When I came there first in the winter, it was rainy grey place. 15 degrees felt wet and cold and I was a bit lost in a maze of train tracks and streets. I was running around CBD (a grid-like centre, all streets are straight and cross at the right angle) in a fear of getting lost anywhere else….I would sit in a state library and read books when it was raining and I was hunting for Polish donuts in Queen Victoria Market. I went to the party at Fitzroy and got lost in Brunswick. I was shopping at night for goon at Elizabeth Street and was chasing 1 am train going to Carlton. I was watching a mosque from my bedroom window and I took part in a catholic mass at St. Francis. I ended up at a quilt exhibition and witnessed all the noise of the Australian Open. I was about to discover that Melbourne is bigger than I could even start imagining it to be. In many ways, bigger.

Eventually, I learnt that it’s not that easy to get lost for good, because transport there is a bit expensive but very efficient, trams, trains, taxis, all very good. One has to be careful not to get run over by a tram (no tram stop “islands”, you end up in the middle of the road getting off the tram) but that’s all. And the summer 2009 gave me the experience of the absolute heat and, oh joy, the chance to be stuck in a traffic jam in my own rented car. Also, I’ve seen the smoke-covered morning sky and unusually focused faces of people who had just witnessed the tragedy of fires.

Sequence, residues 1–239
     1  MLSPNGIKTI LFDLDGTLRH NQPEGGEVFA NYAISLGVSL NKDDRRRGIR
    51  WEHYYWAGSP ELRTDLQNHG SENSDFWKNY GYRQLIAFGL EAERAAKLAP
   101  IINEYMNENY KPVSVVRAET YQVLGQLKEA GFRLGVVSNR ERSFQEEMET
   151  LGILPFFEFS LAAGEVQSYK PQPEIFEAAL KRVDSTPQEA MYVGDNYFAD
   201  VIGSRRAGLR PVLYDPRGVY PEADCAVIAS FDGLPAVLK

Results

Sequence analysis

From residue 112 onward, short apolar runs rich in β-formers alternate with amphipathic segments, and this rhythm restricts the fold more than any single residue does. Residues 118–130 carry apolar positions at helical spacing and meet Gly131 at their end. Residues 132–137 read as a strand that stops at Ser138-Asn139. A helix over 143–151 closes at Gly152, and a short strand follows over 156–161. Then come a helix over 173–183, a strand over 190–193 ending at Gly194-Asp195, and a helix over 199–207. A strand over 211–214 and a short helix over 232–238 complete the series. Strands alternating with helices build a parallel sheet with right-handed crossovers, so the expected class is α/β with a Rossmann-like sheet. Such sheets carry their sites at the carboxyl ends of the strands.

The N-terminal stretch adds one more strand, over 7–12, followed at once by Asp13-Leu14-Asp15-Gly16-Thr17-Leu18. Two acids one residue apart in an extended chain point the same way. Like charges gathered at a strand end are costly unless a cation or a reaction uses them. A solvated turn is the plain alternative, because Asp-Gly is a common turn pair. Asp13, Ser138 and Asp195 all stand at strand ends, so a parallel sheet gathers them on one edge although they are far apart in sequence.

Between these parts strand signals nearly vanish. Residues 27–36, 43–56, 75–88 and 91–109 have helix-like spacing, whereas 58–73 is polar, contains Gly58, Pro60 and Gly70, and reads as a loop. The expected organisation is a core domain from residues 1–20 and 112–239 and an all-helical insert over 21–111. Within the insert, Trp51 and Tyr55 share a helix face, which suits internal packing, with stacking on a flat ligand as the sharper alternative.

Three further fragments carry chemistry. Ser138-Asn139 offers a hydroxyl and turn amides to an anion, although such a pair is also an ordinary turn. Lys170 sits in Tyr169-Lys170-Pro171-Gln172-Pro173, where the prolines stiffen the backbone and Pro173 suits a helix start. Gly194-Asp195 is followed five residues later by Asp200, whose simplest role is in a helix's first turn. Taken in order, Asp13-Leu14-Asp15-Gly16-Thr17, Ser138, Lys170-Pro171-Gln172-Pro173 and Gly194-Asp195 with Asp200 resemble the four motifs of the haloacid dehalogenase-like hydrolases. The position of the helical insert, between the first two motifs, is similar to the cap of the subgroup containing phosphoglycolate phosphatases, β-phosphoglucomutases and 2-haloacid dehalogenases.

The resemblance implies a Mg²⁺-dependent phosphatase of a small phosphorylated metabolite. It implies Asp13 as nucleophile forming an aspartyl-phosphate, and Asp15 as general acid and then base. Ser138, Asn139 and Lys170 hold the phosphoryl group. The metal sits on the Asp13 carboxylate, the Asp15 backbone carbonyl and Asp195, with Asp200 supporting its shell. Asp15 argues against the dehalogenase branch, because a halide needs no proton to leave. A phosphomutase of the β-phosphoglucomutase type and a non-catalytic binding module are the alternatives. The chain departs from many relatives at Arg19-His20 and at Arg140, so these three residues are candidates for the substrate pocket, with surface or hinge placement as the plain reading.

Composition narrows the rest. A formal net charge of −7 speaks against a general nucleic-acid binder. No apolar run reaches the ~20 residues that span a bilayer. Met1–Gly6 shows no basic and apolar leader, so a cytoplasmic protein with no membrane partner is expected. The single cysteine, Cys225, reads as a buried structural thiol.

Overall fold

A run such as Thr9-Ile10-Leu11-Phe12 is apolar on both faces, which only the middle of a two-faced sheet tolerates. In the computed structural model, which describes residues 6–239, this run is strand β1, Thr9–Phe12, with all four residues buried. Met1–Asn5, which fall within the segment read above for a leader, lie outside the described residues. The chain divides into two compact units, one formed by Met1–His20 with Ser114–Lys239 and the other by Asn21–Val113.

If you need a tourist information on Melbourne, buy a lonely planet guide on Victoria or even better, on South-East Australia. Very useful and very accurate. Yeah, yeah do all the touristy stuff. Go to museums and galleries, check out the immigration museum, and Aboriginal art at NGV, the Royal Botanical Gardens, the Federation Square, the Aquarium, the Eureka Tower – oh gosh, the tallest residential building in the world. Take the free tourist tram going around the centre and talking to you about all the attractions. Do all that quickly. Find a club, a pub, an opera, a shopping centre, a casino, a zoo or whatever you like, there is always something going on out there. Rent a car and go down the Great Ocean Road (oh, that’s another story). And then come back and sit down at any restaurant, café or a park bench. Sit down and look at the people’s faces: they are truly amazing.